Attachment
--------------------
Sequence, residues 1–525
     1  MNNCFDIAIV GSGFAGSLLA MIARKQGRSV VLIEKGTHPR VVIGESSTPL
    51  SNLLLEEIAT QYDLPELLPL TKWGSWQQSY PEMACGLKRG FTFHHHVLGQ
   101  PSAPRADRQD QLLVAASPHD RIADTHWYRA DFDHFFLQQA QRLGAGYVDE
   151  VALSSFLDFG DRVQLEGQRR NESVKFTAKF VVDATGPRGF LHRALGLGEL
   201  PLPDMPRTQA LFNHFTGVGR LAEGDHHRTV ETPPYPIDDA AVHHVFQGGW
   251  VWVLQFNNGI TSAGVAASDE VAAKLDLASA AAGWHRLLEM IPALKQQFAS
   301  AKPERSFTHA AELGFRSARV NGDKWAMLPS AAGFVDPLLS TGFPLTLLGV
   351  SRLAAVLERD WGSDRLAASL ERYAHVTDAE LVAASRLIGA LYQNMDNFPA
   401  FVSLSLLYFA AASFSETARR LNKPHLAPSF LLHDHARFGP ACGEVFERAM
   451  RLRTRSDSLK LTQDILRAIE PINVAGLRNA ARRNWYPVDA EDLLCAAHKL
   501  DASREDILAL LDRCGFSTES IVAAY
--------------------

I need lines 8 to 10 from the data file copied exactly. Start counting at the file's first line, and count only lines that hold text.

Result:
   301  AKPERSFTHA AELGFRSARV NGDKWAMLPS AAGFVDPLLS TGFPLTLLGV
   351  SRLAAVLERD WGSDRLAASL ERYAHVTDAE LVAASRLIGA LYQNMDNFPA
   401  FVSLSLLYFA AASFSETARR LNKPHLAPSF LLHDHARFGP ACGEVFERAM